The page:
Red Sound DarkStar

The Darkstar is an eight note polyphonic multitimbral synthesiser with 2 Oscillators, 2 Envelope generators, 2 LFOs and 1 filter with 3 types. It also incorparates a centre mounted joystick which controls an oscillator 1+2 mixer and ring modulation effect but which can be switched to control the filter cut-off and resonance, this is a novel element which was a major attraction to me.

The 2 oscillators share the same set of controls. You select which one you are editing by toggling a long red button underneath the oscillator control knobs. The waveforms are independently adjustable between a 'Sawtooth' and 'Rising', at least so it says the manual. The small labels on either side of the waveform knob look like a sawup and a square. The morphing between them is smooth and harmonically they are different but still complementary for the most part. there could be a wider range of selection available for the Oscillator's waveforms, or even for just one of them, this would significantly expand the potential for sound creation. Oscillator 2 is variable in pitch relative to oscillator 1, the options are 0,5,7,12,16,17,19 and 24 semitones of offset. This is adjustable using the same knob as the waveform when shift is selected (a helpful shift light flashes). Pitch Mod is also independently adjustable for each oscillator, as is Pulse Width, Pulse Width Modulation and tuning (+/- 2 semitones).

Oscillator two is a bit different from oscillator one. The oscillator type can be changed between:

TYPE 1 (Normal Oscillator) TYPE 2 (Formant Oscillator) Noise1 (Pink) Noise2 (White) Noise3 (Blue) External Inputs

Two independent envelopes share the same control bank in the top right corner of the module. These are standard ADSR types. The velocity sensitivity of each envelope is also adjustable when the top right shift is active. A row of indicator LEDs is used to show which value (0-7) is assigned to the envelope being edited. A value of zero means that different velocity values have no effect, a value of 7 will introduce a big change between high and low velocitys. Since the envelopes can be used on filters and for modulating parameters like Pulse Width Modulation changing the sensitivity can be very useful for controlling the dynamics of a part.

The two LFOs are also independent of each other with 3 controls for both. LFO rate (SPEED) can be controlled via midi clock by activating shift and rolling the speed button, The choices are OFF (in which case the speed is adjusted manually), 1/8 beats, 1/6 beats, 1/4 beats, 1/3 beats, 1/2 beats, 2/3 beats, 3/4 beats, 1 beat, 2 beats, 3 beats, 1 bar, 1.5 bars, 2 bars, 3 bars and 4 bars. It is possible to assign different midi syncs to the LFOs, for example 1/8 beat for LFO1 and 1/4 beat for LFO2. The next knob along is the Delay, this introduces a preset delay before the LFO starts oscillating, so you can have an attack stage of a patch unmodulated. The LFO waveshapes available are: Ramp, Tri, Square, Sine, Pulse, Sample and Random. Sample is presumably a sample and hold type of modulation and it's a good one. The shape of the selected LFO is displayed using LEDs beneath the knobs. A Synchronisation setting in the LFO menu lets you choose whether or not the LFOs will start from the beginning of the waveform when a note is played.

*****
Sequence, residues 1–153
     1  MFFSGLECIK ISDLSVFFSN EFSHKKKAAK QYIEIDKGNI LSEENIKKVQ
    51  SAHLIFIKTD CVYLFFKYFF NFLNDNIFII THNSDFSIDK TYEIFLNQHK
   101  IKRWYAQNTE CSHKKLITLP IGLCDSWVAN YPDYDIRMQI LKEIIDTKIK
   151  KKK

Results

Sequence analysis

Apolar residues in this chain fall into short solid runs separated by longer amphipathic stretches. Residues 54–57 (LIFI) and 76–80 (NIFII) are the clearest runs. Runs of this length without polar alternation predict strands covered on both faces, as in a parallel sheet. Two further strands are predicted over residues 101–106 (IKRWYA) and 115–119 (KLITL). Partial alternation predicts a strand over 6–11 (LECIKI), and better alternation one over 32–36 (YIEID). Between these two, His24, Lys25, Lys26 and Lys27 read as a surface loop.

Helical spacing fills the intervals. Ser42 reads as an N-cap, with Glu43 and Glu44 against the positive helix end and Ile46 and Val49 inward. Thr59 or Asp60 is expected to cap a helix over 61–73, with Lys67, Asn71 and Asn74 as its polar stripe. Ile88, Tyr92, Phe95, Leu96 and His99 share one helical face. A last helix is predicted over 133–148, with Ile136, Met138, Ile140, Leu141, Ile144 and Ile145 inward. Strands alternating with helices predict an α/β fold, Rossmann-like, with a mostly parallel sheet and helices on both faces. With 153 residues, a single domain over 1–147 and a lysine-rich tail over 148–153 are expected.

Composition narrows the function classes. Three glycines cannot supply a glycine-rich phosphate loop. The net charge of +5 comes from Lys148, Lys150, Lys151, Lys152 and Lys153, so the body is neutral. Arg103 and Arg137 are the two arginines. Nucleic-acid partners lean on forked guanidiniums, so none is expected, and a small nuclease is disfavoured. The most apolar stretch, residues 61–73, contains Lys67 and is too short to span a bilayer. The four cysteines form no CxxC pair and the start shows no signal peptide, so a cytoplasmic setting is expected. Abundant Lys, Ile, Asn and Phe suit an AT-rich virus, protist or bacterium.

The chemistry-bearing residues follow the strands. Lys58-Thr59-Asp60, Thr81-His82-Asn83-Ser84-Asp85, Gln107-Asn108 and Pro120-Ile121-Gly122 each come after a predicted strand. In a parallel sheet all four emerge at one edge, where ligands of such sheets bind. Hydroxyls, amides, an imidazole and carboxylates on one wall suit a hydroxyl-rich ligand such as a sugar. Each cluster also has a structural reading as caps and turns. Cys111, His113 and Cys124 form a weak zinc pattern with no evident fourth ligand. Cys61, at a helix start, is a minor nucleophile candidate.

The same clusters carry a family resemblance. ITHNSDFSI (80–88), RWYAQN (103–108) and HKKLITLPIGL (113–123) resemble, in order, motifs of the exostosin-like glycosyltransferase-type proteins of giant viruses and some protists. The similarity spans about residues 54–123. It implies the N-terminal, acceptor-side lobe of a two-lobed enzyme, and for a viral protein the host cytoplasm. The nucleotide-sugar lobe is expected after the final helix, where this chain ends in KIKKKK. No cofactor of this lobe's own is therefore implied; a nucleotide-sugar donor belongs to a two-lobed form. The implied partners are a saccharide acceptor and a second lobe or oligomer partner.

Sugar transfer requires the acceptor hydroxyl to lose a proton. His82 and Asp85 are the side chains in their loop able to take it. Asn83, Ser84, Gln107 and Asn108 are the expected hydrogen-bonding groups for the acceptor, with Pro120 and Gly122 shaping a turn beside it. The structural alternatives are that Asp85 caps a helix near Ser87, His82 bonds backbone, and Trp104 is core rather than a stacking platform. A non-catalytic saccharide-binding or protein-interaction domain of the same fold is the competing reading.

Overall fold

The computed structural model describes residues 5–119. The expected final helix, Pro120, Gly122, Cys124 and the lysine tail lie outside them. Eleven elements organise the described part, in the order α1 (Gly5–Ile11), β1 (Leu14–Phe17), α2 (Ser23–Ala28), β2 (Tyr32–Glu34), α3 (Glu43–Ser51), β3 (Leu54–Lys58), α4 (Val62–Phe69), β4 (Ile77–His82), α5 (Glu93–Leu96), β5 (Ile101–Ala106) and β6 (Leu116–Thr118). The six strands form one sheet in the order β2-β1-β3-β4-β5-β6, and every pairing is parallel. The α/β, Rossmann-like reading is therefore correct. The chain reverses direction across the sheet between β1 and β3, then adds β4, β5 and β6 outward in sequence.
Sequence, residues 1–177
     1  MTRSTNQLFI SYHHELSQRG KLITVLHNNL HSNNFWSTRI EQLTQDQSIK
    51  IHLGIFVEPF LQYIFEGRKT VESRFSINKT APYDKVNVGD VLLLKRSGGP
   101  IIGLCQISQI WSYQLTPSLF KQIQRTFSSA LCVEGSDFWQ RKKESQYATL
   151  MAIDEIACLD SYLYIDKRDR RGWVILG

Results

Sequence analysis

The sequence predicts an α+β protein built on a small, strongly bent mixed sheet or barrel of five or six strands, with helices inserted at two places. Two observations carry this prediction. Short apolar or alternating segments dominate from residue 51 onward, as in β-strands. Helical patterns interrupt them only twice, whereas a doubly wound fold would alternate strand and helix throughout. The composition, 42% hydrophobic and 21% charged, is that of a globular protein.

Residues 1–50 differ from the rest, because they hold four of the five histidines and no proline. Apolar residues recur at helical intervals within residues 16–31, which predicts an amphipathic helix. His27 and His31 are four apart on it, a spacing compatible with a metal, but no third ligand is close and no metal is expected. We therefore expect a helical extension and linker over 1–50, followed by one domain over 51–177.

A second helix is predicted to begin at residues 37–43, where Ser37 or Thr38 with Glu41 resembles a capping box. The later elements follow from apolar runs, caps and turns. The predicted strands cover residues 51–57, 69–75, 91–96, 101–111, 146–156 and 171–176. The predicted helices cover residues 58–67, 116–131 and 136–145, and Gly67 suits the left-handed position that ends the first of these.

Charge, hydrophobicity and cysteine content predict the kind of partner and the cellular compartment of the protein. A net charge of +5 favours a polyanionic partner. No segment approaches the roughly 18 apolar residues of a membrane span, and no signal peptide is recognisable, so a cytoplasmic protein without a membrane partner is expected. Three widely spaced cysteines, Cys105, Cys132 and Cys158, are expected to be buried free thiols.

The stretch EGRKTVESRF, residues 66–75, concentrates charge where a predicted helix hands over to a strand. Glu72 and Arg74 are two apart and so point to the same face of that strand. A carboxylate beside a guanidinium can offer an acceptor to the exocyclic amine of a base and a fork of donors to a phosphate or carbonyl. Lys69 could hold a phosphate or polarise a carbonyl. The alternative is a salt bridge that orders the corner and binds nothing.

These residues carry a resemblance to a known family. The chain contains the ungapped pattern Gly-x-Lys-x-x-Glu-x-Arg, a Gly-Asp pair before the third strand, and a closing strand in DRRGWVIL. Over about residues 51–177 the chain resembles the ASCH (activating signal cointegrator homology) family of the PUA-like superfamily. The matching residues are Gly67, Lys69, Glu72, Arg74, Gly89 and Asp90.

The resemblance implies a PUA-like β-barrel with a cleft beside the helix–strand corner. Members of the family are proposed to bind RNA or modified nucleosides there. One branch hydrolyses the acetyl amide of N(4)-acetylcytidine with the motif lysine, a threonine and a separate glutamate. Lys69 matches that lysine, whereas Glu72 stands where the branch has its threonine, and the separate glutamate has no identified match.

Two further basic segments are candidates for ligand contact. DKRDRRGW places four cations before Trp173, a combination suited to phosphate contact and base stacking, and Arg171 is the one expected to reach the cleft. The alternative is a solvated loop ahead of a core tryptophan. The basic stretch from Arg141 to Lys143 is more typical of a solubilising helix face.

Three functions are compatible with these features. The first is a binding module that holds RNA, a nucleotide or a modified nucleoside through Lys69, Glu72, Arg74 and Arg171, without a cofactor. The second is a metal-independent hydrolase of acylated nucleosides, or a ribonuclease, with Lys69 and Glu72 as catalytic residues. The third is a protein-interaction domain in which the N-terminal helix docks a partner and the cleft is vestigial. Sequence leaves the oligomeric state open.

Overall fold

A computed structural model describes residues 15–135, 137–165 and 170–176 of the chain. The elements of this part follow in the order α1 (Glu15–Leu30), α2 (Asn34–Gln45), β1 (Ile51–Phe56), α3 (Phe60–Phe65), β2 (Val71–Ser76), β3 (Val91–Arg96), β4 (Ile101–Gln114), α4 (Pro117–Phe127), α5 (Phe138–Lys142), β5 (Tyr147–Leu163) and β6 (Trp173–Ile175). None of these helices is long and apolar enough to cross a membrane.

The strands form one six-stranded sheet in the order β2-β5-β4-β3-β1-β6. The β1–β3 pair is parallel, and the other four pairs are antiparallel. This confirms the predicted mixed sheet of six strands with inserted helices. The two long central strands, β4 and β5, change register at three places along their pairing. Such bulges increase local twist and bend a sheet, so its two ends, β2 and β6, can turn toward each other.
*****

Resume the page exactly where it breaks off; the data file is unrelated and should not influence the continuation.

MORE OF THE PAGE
The Filter (only 1 unfortunately) is possibly where the grunt is lacking. It's not lacking in control, it is lacking in basic fatness and drive. it's so subtle that it's quite hard to get the settings right, sometimes there's just not much going on despite massive fiddling. This is where setting the joystick up to control the filter is useful, do this in the 'filter' menu by changing 'cont' from 'pot' to 'joy'. Basically the filter is either a Low pass, Band pass or High pass 12dB filter. The resonance can be modulated and the amount of modulation from the source can be set. useful LEDs indicate which modulation source is being used (either LFO or either envelope). The third control is ENV MOD. The manual leaves me somewhat confused about this, but it sets the amount of that the filter frequency is 'opened by the audio modulation'. I take this to mean the output of the part, which seems to lead to a paradox, since the output surely changes when the value of this knob is altered. In anycase I find this knob quite annoying and set it to 0. This knob shares LFO2 modulation (presumably to frequency although again the manual doesn't say even though it overstates the obvious in most other sections.)

Tucked away above the envelope section is the part output section. These share the knobs with the envelopes. There's Level, Panning, Tremelo and Portamento. How exciting.

The Darkstar can play 8 notes from any of 5 different parts at once. A part is basically a patch and all five are stored as part of one preset. You can set each part to respond to different midi notes (so you can have different sounds on the same keyboard) and transpose the key (so consecutive octaves can play different sounds in the same key). BUT you have to decide, for each part what it's polyphony is and stick to it, unless you can manually jump about between the menus and juggle the numbers, which always have to add up to eight. As far as I know you can't change this over midi. This isn't hugely constraining, since you can still have a polyphony of 4 on two parts or a polyphony of 2 on 4 parts (so notes can overlap on each part). The parts can be set to respond to different midi channels and pitch bend range can be changed. All these parameters are controlled using the awful menus (see below).<